In a series of follow up tweets, Lord said, “If the return of restaurants/pubs isn’t until May, the Chancellor needs to urgently respond with a clear support package. A ten day wait until 3rd March is too long for peoples mental health and anxiety over their jobs/businesses.”
A previous tweet from last night (21st February) addressing the Chancellor said, “You must save the UK’s fifth biggest sector.”
Elsewhere in the world, clubs and venues are beginning to reopen cautiously. Earlier this month, New York City governor Andrew Cuomo announced that the city, which was one of the worst impacted at the beginning of the COVID-19 pandemic, would begin to reopen venues later this month with 10% capacity restrictions and mandatory masks, as well as testing prior to entry.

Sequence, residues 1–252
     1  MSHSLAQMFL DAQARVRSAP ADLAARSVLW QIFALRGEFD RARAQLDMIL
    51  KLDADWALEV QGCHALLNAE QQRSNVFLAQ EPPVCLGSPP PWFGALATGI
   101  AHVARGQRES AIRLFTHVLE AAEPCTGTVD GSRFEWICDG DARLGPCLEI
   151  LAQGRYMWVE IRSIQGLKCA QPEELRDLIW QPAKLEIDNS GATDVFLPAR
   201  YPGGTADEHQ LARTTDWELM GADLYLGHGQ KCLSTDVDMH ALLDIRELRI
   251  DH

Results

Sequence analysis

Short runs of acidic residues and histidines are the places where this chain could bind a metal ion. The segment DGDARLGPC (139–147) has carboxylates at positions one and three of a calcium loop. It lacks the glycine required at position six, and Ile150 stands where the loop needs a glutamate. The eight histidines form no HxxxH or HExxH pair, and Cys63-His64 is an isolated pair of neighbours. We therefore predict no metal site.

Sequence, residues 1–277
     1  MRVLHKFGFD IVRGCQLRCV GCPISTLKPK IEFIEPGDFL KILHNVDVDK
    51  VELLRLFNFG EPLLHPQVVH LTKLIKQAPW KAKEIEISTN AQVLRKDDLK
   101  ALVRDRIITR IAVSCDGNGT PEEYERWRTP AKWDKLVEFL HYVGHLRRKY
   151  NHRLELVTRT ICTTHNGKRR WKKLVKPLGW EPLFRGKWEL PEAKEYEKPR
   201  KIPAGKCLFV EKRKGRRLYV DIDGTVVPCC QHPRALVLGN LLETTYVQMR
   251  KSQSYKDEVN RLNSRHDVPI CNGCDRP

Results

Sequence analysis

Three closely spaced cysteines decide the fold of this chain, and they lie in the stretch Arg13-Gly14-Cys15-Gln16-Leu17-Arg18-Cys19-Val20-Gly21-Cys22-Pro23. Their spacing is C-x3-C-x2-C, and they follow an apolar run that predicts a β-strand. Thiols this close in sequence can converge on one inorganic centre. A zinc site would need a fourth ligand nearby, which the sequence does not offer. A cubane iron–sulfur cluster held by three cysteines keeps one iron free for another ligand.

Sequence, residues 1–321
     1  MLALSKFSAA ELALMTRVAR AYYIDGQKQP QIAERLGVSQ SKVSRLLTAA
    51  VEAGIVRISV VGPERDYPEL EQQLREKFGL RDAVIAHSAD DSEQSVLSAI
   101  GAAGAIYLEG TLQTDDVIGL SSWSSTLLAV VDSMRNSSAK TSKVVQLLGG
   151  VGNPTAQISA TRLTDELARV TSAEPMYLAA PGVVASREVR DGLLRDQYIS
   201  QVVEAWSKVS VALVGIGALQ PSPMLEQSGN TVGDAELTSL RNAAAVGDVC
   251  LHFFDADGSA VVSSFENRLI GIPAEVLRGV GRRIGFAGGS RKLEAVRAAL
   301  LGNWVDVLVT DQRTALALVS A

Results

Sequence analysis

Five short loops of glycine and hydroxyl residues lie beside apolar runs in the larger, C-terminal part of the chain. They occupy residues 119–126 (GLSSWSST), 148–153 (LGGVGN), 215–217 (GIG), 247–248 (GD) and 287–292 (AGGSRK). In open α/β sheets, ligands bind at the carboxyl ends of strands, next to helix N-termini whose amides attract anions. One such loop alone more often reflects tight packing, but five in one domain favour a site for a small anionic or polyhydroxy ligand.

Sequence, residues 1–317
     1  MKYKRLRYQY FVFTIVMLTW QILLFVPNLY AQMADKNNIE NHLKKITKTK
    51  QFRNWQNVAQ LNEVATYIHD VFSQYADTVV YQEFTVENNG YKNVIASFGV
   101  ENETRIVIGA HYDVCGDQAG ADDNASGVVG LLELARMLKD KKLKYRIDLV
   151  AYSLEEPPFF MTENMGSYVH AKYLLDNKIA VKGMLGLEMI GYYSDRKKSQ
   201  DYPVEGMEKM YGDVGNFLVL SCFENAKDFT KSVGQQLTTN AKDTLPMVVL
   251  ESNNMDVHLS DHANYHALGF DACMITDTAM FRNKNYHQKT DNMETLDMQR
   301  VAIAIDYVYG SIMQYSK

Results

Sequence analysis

Last week in France, the French government spoke about the return of live events in the summer, and announced that summer festivals could take place with social distancing in place, and a 5,000 attendee limit. This was met with criticism by festival organisers in the country, with AEG France highlighting in an interview with IQ that the “summer period” had been deliberately undefined, and that no outdoor food or drink trading will be allowed at the festivals.
Boris Johnson is expected to make the UK’s road map announcement at 3:30PM today, 22nd February.
MORE BREAKING from @thetimes on the likely roadmap:
The news comes as part of the government’s “must pass tests” – four conditions that must be met at each phase of lockdown easing. These include the ongoing successful roll out of the coronavirus vaccine, evidence that shows vaccines are sufficiently reducing the number of people dying or hospitalised with coronavirus, proof that infection rates do not pose a risk to a surge in hospital admissions, and data showing that new variants of the virus will not fundamentally change the risk of lifting restrictions.